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Community Contribution

Testing Theory of Change for USAID in Niger Using "Structured Experiential Learning"

S. Arji, L. Adamou, T. Johnson

In mid-2019, USAID/Senegal awarded FSVC a cooperative agreement to implement the "SHIGA" activity with the goal, "civil society more effectively engage the government while key government institutions are more effective in their mandate and responsive to citizen needs." In its proposal, FSVC emphasized CLA approaches and tools, including "emergent" design precepts to support adaptive management. The approach included the use of "Structured Experiential Learning" ("MeE") which supports CLA and emergent design through trials of design alternatives to test what works best and explain why. FSVC's use of a form of MeE in Niger appears to be among the first experiential applications on a USAID project.

Under SHIGA's Objective 1, civil society organizations (CSOs) are strengthened through a year-long incubation process involving 10 to 12 CSOs per cohort. The final phase of the process is a six-month small grants program (SGP). Selected CSOs receive funding to develop and implement a project to put into practice what they learned during the first half of the incubation. An implicit theory of change (ToC) held at the outset was that the SGP would be more successful if CSOs worked in coalitions of 2 to 3 members, the effort thus benefiting from collective action.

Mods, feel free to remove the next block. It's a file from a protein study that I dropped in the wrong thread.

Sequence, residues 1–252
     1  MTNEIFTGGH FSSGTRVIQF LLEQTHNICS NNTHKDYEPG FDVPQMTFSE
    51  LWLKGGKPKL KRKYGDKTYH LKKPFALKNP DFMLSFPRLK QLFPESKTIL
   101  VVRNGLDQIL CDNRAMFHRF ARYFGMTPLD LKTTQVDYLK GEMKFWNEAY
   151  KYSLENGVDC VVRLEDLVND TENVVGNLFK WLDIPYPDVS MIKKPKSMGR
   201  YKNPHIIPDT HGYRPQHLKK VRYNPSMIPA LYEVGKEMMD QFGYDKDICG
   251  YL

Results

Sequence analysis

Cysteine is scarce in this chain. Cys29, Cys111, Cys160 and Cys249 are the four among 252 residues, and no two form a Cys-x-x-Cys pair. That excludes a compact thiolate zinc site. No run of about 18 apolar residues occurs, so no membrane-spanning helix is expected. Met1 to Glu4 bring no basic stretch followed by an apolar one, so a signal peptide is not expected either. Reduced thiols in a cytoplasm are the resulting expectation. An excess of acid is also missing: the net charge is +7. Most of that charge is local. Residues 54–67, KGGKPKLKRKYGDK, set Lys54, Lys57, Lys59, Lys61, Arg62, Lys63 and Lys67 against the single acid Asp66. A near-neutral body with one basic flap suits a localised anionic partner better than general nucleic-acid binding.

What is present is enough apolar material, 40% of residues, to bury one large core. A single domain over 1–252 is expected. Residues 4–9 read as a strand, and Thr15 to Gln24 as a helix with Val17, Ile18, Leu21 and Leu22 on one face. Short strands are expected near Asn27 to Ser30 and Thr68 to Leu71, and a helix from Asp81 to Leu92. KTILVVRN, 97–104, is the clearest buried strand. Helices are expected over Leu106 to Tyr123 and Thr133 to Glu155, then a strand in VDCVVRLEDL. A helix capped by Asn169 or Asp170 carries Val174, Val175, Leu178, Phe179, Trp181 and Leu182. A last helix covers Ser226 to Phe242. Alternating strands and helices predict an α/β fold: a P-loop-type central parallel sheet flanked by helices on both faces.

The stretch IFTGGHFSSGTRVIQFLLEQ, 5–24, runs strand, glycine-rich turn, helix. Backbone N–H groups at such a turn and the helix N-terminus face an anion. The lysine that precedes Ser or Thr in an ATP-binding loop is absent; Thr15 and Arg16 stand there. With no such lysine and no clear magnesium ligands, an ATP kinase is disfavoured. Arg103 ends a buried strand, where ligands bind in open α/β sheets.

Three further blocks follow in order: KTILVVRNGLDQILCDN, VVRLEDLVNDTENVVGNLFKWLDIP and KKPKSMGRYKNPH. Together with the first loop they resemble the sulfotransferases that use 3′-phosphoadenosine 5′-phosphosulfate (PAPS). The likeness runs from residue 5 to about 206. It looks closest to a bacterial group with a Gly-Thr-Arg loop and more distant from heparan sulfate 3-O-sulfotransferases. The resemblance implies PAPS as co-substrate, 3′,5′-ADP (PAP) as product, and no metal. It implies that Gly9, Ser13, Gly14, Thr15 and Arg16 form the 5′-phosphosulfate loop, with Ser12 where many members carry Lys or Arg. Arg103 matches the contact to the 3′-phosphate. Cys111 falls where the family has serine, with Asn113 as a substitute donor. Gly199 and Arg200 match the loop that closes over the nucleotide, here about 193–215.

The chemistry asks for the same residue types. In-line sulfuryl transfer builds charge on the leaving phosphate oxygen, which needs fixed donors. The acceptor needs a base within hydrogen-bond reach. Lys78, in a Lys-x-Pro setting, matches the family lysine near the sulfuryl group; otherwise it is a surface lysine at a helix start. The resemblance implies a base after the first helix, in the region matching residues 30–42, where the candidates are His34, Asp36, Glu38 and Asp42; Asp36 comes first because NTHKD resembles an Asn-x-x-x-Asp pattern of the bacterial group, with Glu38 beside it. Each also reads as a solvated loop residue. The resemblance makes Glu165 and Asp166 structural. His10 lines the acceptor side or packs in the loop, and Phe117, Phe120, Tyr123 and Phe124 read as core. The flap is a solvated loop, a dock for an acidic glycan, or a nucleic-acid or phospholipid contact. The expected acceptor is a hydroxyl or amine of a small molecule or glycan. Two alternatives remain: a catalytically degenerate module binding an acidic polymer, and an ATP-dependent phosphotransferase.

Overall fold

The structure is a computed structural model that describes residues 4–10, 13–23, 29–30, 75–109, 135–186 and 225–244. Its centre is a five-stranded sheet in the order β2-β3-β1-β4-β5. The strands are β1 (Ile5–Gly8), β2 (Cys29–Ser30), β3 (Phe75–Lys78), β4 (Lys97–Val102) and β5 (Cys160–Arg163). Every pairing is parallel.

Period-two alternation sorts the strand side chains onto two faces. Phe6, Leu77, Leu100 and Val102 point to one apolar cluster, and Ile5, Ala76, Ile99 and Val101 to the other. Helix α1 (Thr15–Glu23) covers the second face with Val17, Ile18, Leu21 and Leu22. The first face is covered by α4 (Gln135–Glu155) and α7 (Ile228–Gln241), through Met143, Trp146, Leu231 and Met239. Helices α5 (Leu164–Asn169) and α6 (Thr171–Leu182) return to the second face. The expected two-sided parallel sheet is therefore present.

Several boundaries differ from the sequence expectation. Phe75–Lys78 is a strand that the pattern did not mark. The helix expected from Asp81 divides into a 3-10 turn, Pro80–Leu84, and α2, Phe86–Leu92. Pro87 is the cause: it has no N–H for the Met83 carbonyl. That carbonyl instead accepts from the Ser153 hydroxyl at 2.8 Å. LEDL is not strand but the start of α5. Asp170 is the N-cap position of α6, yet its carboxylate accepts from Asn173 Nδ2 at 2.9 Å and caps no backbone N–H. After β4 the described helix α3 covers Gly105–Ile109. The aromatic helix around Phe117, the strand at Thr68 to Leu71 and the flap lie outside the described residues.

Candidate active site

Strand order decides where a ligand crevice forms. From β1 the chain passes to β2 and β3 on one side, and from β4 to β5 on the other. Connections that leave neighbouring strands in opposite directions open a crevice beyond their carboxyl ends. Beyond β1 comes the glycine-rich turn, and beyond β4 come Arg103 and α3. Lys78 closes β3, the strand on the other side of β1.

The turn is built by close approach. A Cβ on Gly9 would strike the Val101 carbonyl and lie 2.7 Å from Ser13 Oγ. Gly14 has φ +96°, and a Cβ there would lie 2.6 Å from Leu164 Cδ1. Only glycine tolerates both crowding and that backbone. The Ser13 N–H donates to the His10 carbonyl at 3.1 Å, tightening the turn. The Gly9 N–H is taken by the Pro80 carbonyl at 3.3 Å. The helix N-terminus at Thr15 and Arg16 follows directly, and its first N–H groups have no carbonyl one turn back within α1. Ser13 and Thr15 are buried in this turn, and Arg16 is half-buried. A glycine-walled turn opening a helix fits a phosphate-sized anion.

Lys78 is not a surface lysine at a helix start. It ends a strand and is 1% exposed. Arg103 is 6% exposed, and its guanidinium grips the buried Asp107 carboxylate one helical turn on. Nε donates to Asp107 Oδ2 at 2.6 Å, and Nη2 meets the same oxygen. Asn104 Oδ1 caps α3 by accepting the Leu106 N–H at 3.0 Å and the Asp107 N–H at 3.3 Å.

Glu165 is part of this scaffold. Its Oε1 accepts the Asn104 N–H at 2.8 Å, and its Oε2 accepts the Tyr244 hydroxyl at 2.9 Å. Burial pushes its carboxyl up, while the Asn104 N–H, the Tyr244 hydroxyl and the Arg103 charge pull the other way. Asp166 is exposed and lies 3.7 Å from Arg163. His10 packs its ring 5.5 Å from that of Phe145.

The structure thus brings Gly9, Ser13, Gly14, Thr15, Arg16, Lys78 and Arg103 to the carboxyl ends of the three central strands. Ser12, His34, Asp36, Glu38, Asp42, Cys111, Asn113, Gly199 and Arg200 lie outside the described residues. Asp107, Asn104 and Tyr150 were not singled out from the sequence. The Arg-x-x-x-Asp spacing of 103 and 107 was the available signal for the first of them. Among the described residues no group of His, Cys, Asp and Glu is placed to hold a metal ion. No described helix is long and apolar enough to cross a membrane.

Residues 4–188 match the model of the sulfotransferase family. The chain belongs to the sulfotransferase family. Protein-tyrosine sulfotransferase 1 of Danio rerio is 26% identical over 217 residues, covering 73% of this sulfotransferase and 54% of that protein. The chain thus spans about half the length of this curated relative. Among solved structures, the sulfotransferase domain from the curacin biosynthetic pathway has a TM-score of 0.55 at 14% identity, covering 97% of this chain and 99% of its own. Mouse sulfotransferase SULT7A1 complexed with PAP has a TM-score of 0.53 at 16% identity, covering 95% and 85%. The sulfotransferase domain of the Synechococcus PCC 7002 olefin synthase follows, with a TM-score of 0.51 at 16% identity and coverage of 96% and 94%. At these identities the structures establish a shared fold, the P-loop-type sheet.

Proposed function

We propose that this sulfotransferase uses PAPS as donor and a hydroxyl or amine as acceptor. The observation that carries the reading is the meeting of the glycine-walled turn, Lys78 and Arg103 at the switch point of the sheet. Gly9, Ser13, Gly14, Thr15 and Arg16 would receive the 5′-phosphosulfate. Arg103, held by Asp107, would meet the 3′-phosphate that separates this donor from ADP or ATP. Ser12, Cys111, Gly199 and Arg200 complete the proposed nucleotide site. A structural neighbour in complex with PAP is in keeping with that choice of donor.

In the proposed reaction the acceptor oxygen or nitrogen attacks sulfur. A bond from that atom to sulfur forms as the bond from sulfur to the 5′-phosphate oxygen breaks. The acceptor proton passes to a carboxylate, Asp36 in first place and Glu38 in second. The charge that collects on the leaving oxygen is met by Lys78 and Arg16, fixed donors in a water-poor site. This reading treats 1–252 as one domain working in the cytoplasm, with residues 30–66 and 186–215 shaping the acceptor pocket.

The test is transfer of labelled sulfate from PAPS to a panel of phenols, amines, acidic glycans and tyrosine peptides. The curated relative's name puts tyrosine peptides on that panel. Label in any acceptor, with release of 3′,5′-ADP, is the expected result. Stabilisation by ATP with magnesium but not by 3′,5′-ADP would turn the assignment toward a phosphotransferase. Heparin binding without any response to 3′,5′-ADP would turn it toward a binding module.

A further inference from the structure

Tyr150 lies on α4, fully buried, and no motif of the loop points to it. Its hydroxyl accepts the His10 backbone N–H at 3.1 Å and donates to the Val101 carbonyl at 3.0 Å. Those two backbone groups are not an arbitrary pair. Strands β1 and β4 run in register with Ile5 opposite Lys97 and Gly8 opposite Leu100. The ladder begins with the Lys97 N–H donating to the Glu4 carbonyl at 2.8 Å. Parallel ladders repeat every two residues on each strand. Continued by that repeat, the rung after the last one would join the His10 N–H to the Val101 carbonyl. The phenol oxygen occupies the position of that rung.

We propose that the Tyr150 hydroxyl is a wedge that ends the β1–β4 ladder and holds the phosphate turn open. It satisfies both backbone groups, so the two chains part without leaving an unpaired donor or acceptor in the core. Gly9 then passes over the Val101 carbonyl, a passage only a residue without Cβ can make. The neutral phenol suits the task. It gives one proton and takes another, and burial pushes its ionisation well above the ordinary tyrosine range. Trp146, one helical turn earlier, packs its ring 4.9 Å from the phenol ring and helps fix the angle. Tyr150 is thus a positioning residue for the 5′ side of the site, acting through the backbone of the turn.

Several more seasoned CSOs in cohort 1 however expressed doubt about the value of such collaboration, based on their experience. The FSVC SHIGA team thus decided to utilize MeE to test/validate the ToC. The main design variable and subject of the test was the use, or not, of collective action. Results found that collective action is not necessarily more effective, but rather that success appears dependent on how coalitions are created, and degree and type of communication and collaboration between members during implementation. While subsequent incubation cohorts all required coalition-based SGP work, the FSVC SHIGA team has adapted the method of coalition formulation to reflect the results of the experiment.

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